Oklahoma combines Native American Day and Columbus Day

Oklahoma combines Native American Day and Columbus Day
© Getty Images

Oklahoma Gov. Kevin Stitt (R) this week signed legislation that will recognize Native American Day at the same time as Columbus Day, The Associated Press reported.

Stitt signed the bill into law on Thursday, according to the news agency, which noted that a similar measure was vetoed last year by now-former Gov. Mary Fallin (R). 


Oklahoma residents will now have the opportunity to celebrate both Columbus Day and Native American Day on the second Monday in October, according to the AP. Native American Day was previously celebrated in the state on the third Monday in November.

“I think moving it to Columbus Day, I don’t see any downside to it at all,” Stitt said, according to the news agency. “It just gives us one opportunity to celebrate Columbus, but also the indigenous people here in America.”

The compromise to recognize both holidays simultaneously comes after the Inter-Tribal Council of the Five Civilized Tribes passed a resolution urging Stitt to sign off on the bill, the AP reported.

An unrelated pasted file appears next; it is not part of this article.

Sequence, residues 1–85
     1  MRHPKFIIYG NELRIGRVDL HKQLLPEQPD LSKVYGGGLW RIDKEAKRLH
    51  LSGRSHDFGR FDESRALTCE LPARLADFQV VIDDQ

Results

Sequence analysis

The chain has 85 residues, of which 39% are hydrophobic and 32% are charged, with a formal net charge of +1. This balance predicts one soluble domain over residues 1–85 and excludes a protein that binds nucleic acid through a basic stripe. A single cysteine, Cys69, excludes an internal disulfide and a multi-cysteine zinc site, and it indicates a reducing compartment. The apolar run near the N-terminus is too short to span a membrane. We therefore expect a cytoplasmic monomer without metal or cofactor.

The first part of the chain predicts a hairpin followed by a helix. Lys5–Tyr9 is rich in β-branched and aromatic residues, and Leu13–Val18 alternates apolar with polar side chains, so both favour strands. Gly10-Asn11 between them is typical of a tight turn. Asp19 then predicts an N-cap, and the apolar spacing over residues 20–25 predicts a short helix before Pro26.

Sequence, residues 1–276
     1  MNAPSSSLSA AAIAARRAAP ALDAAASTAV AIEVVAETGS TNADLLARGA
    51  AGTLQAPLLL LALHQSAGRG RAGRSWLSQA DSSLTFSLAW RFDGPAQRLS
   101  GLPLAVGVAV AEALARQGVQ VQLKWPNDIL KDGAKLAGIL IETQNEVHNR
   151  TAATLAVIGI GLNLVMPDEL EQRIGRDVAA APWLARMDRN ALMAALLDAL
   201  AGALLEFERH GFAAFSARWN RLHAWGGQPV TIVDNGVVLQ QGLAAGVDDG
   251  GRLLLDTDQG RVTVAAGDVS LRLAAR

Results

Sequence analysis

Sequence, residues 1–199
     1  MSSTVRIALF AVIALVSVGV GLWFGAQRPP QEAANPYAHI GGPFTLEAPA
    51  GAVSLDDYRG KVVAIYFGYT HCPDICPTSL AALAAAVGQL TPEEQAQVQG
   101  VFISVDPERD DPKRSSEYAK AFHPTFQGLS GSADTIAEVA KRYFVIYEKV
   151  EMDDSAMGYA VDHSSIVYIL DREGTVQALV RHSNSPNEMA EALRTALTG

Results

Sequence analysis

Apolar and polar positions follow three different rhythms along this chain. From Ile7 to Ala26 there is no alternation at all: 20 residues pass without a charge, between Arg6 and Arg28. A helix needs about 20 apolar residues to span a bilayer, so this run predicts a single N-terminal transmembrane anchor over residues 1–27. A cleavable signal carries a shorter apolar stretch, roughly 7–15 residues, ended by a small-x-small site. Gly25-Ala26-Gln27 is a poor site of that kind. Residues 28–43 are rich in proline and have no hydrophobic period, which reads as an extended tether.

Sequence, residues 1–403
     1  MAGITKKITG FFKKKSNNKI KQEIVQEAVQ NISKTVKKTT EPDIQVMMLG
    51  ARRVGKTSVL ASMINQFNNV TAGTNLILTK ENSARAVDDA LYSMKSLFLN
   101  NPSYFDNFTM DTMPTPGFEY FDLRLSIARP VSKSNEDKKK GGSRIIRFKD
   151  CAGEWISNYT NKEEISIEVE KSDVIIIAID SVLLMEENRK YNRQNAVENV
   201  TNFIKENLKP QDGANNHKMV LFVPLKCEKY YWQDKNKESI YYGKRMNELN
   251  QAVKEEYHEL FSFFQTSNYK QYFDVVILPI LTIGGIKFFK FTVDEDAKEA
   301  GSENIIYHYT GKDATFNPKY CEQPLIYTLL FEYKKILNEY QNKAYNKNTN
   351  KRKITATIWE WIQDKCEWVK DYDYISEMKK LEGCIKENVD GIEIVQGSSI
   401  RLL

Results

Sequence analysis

New Mexico Gov. Michelle Lujan GrishamMichelle Lynn Lujan GrishamBiden looks to career officials to restore trust, morale in government agencies Hillicon Valley: YouTube suspends OANN amid lawmaker pressure | Dems probe Facebook, Twitter over Georgia runoff | FCC reaffirms ZTE's national security risk Netflix pledges billion for production spending, expands New Mexico studio MORE (D) approved legislation earlier this month that replaces Columbus Day with Indigenous Peoples Day, a holiday that celebrates Native Americans.

At least five other states, including Vermont and Hawaii, have also done away with celebrations of Columbus Day.